LARAMIE, Wyoming – A gentle giant of a man greets his husband with a kiss and a hug as he arrives home. As his husband departs for his night job, he settles in with the couple’s infant daughter.
As the sun sets on the Wyoming prairie and draws shadows into the neighboring foothills just west of the town, Jim Osborn opens the back door to let the dog outside and reflects on the October week that not only marks the annual global “Coming Out” day, but also the anniversary of the murder of his friend Matthew Shepard.
In a wide ranging interview with LGBTQ Nation, Osborn reflects on the changes to his town, his university, and his state in the 15 years since his friend was attacked.
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The story of how Matt was beaten, tied to a buck fence and left to die near Laramie on a clear October night in 1998 is well-known. His murder sparked protests, vigils and calls for legal protections for victims of anti-gay violence, and launched an aggressive awareness campaign.
Osborn, who now works for the University of Wyoming’s Office of Diversity and Employment Practices, said coping with the loss has not been easy. “Many people hear the words ‘Matthew Shepard’ and think of him as an event, an icon of the LGBT equality movement.”
For Osborn though, Matt is the friend who’s no longer present in his life.
“I miss seeing his incredible beaming smile, the one that came not just from his mouth, but from the sparkle in his eyes and from deep within his heart. I can’t find words to describe the pain of losing him to such violence.”
Matt Shepard was a freshman at the University of Wyoming when he and Osborn first met, and Osborn says he regrets not getting to know Shepard better.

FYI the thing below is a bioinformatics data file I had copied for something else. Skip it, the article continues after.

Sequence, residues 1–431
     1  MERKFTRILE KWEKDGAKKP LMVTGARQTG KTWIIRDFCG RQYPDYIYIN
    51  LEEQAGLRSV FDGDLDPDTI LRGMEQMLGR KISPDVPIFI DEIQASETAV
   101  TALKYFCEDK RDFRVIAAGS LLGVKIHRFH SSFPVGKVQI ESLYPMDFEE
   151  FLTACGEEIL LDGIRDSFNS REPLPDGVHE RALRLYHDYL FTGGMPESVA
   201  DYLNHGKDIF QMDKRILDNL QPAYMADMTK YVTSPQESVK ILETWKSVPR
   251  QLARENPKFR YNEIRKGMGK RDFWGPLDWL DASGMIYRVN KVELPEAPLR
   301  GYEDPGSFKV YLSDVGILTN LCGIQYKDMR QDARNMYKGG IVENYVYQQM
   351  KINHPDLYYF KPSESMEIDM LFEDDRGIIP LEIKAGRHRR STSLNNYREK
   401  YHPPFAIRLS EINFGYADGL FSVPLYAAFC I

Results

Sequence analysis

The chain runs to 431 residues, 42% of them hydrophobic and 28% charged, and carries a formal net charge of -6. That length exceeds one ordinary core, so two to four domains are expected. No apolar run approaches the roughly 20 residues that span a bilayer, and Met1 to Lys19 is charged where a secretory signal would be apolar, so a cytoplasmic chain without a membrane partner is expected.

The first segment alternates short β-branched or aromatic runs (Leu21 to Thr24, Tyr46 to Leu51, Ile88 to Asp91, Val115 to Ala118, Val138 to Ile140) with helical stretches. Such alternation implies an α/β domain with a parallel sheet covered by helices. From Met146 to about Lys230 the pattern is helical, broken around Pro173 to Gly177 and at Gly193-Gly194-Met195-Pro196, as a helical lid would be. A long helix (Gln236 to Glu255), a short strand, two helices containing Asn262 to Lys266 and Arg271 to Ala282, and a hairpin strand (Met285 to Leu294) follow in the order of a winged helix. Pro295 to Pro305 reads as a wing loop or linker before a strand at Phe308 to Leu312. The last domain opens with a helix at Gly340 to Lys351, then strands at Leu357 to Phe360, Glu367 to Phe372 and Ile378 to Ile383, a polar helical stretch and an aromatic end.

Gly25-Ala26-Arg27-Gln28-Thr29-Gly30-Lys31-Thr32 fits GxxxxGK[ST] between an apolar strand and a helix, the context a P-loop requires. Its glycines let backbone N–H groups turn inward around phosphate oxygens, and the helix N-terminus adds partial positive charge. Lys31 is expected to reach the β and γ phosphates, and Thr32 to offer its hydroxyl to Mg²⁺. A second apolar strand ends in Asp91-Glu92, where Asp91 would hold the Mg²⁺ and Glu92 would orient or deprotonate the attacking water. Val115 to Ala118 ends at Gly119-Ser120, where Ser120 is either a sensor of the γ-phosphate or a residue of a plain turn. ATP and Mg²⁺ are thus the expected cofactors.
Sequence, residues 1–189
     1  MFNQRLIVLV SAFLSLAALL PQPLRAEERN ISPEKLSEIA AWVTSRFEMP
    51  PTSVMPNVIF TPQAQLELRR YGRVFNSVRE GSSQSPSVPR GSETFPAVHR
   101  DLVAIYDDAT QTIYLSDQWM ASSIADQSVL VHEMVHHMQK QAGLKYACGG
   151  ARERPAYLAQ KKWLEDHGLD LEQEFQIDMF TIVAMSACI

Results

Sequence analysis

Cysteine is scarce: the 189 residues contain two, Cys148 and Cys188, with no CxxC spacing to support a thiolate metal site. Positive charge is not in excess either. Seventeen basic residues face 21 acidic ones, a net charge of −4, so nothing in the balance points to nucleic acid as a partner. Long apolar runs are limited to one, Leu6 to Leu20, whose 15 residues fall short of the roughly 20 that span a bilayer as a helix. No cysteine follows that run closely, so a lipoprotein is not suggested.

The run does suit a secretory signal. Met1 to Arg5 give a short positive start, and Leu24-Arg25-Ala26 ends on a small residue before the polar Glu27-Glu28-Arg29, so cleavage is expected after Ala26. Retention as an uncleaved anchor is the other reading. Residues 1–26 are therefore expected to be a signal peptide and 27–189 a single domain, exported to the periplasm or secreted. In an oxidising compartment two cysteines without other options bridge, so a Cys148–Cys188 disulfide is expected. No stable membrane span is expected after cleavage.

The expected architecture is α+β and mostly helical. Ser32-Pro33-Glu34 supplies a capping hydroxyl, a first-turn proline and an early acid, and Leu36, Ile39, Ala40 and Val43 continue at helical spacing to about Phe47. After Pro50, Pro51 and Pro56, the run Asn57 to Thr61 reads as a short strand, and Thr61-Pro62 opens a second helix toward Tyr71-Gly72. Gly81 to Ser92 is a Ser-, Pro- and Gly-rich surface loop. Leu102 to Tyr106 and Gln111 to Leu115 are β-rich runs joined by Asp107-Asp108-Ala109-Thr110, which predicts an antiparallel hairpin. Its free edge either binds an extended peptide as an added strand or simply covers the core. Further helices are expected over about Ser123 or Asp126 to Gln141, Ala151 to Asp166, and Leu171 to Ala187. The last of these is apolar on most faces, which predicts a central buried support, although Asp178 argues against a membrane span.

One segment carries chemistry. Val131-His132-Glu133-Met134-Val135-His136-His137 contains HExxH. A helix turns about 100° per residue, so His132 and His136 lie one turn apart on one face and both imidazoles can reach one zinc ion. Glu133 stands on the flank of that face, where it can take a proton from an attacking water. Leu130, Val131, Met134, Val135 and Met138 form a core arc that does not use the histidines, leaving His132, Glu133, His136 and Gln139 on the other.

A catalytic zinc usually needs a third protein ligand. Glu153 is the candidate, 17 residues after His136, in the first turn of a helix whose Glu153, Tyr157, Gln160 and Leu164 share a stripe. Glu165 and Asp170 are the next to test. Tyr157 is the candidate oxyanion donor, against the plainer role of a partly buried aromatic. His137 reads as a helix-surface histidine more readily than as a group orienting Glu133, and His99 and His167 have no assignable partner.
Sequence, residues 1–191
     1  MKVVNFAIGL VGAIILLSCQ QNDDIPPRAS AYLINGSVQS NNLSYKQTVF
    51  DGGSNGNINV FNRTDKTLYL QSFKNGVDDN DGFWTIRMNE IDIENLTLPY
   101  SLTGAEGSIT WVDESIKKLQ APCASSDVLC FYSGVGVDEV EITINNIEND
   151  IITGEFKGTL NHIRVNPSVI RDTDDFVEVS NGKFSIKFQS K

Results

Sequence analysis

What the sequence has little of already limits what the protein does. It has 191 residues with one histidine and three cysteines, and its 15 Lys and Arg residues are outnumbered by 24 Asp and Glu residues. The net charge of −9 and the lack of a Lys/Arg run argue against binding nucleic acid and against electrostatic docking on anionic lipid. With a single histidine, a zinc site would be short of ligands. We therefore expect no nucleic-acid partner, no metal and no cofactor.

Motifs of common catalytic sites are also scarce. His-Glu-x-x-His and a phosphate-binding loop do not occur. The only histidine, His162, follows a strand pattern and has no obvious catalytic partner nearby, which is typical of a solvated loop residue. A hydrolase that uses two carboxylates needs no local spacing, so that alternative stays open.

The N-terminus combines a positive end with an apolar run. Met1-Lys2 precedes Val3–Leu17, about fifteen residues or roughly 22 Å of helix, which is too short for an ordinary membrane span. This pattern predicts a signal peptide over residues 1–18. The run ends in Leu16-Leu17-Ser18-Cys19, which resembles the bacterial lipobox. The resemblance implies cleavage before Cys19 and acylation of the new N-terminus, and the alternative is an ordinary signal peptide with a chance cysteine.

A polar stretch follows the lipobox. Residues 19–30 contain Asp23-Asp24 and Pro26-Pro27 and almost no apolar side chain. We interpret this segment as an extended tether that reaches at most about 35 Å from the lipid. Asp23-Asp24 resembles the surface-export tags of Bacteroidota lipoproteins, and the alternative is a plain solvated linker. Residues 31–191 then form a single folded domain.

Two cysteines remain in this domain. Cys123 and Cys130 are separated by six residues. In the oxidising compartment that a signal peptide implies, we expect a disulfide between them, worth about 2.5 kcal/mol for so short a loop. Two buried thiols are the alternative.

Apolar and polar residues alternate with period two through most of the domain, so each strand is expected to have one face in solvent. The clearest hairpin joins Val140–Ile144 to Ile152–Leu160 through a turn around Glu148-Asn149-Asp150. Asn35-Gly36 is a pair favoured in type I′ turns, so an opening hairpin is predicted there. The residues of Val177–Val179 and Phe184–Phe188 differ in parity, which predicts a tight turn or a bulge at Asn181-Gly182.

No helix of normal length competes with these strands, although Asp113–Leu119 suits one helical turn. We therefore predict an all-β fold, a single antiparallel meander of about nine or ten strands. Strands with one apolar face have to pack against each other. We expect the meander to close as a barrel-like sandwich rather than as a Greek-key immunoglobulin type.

“I only had the honor of knowing Matt for a few short months before he was killed. I was planning Gay Awareness Week during that time, and kept telling myself that I would make a point of getting to know him more in depth afterward,” he says.
“One of my greatest regrets is not taking that time from the start. I now try to view others as people first,” says Osborn. “I learned that from Matt, I think. He didn’t look at someone and see them as black, or Jewish, or disabled. He saw them as a person first and foremost; the rest was just insignificant differences, since we have much more in common than anything that separates or divides us.”
“He used to strike up conversations with strangers, homeless folks, or anyone he found interesting or compelling,” he reflects. “I think he liked learning about people, and valued their experiences in a way most of us don’t. He taught me something about the value of humanity and how we’re all connected. I suppose he taught me to give everyone the dignity and respect they deserve as a human being.”
While each annual anniversary is difficult, Osborn notes it always that day that reminds him how precious life is.
“Perhaps most importantly, Matt’s murder taught me how important it is to stand up for those who can’t. To speak out for those who have been silenced through fear or through violence.”
“Matt wanted to help others and make a difference in someone’s life. He can’t do that now, and so I and many others have to do it for him. I still keep telling people about him. About his murder. About hate and violence,” he says. “I do it because if I stay silent or inactive I’m no better than those who killed him.”
“I don’t want another parent to know the pain Dennis and Judy feel. I don’t want another community to be scarred by the manifestation of ignorance and fear. I do it for Matt. For his smile. For his heart. I do it to change the world the way he changed me.”
Osborn says that Matt wouldn’t recognize the University of Wyoming today. “There is the Rainbow Resource Center and two GLBTQ student groups and the entire month of October celebrates the GLBTQ community.”
Osborn says that the most important legacy that came in the aftermath of the Shepard attack — not only Laramie, but Wyoming — is “the awareness, and how much we talk about GLBT issues. That there really are gay people in Wyoming, that there really are gay families in Wyoming.”